President Kenyatta forms Sh4.5bn urban transport system for Nairobi

Millions who work in the city dwell in neighbouring towns including Ngong, Kikuyu, Thika and Mlolongo.

 

It is presumed that bus lines and a commuter rail system linking Nairobi to parts of Kajiado, Machakos, Kiambu and Murang’a would cost Sh4.5 billion.

Key of the mandate of the Nairobi Metropolitan Area Transport Authority (NAMATA), formally established through President Uhuru Kenyatta’s executive order, is to ease traffic flow. The order is also set to eradicate congestion in the fastest growing city.

“The authority shall formulate a sustainable integrated public transport strategy based on the development of a sustainable urban mobility plan that will be the basis for the orderly and structured development of the proposed metropolitan area mass-transit system, which incorporates both bus rapid-transit and commuter rail,” a statement from State House reads in part.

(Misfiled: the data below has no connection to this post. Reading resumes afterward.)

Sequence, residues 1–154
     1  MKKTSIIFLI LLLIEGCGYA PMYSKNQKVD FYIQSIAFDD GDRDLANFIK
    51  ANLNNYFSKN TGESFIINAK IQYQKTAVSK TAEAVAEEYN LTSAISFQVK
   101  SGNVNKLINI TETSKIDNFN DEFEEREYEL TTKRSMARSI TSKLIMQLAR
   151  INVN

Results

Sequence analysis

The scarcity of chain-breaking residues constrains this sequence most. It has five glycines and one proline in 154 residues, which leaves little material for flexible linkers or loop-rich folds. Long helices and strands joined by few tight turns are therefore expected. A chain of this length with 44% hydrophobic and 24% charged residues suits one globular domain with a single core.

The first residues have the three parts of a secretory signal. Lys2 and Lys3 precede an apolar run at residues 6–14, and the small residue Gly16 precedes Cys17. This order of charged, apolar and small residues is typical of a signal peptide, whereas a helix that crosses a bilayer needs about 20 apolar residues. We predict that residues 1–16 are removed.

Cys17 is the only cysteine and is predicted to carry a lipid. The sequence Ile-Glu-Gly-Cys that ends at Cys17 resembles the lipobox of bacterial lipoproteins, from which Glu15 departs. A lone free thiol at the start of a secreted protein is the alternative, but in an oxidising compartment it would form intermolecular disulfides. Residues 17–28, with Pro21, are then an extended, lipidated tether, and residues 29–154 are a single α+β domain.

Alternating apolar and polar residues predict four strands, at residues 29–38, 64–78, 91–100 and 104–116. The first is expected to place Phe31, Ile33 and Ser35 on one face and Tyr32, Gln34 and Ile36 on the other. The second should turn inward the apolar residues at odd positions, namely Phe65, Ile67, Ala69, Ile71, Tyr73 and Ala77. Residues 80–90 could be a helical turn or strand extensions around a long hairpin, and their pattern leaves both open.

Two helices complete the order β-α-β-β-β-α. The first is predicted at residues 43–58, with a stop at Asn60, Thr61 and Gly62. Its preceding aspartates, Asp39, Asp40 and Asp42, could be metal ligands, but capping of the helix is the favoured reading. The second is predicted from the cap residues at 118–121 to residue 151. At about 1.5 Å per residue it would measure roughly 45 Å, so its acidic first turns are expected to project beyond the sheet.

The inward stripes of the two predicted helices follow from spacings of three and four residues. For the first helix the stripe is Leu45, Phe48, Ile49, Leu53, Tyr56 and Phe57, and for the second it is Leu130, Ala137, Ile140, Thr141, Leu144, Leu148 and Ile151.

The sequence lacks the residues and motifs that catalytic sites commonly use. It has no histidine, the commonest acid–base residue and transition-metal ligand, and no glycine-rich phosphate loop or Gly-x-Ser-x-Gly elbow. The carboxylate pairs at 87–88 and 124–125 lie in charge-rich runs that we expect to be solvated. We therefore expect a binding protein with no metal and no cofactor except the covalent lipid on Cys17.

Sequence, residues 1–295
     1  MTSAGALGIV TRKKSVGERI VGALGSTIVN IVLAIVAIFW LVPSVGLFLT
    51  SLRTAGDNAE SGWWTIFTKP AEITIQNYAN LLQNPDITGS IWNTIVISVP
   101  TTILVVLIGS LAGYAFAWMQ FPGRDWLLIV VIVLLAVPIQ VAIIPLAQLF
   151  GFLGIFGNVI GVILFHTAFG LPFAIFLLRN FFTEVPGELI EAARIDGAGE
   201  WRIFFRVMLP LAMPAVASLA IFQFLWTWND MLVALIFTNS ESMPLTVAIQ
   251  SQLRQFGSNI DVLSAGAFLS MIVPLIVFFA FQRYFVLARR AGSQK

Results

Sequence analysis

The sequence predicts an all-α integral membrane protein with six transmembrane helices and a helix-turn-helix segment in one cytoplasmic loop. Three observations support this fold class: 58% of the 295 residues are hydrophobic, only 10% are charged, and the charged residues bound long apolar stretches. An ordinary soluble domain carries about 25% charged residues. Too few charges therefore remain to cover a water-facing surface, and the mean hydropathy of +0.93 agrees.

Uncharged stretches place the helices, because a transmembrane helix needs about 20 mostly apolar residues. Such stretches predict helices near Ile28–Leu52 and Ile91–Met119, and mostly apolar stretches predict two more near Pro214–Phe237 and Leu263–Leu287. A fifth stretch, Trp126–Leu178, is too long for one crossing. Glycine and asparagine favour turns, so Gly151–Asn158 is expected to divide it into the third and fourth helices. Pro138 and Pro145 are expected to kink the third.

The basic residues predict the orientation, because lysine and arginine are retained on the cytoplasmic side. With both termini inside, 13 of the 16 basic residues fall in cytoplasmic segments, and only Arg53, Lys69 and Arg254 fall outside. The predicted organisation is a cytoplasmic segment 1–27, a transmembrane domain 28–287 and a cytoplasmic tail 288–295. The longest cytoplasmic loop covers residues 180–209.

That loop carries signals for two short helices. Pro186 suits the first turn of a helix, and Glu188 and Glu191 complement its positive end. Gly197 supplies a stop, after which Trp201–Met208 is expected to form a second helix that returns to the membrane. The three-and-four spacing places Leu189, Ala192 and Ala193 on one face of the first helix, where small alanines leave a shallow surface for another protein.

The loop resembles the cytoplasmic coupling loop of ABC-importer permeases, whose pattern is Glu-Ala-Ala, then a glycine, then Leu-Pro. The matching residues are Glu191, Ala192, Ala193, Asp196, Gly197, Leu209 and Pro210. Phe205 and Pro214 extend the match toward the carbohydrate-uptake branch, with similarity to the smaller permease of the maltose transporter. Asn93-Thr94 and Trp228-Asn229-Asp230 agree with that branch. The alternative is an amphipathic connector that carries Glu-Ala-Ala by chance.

The milestone alluded to by the President Uhuru has been informed by the fact that millions of people working in Nairobi live in satellite towns including Mlolongo, Athi River, Thika, Kitengela, Rongai and Ngong.

Funding

KfW, a Frankfurt German government-owned development bank, is expected to provide the funding for the mega project while the German Federal Enterprise for International Cooperation (GIZ) will offer the technical capabilities.

In the previous discussions about the authority, it was suggested that the mass rapid transport system will be rolled out between 2017 and 2021, with other estimates placing the budget at Sh2.4 billion – including the cost of acquiring the battery-powered buses. Kenyatta’s order was the first in a long chain of approvals for the authority.

“The authority, as established by the Head of State’s Executive Order, is an interim measure pending the enactment of a Statute that will establish a fully-fledged authority with expanded powers and a broader mandate,” State House said yesterday.

Nairobi metropolis has experienced rapid growth over the last three decades, running ahead of transport and other critical infrastructure including water and sewerage systems.

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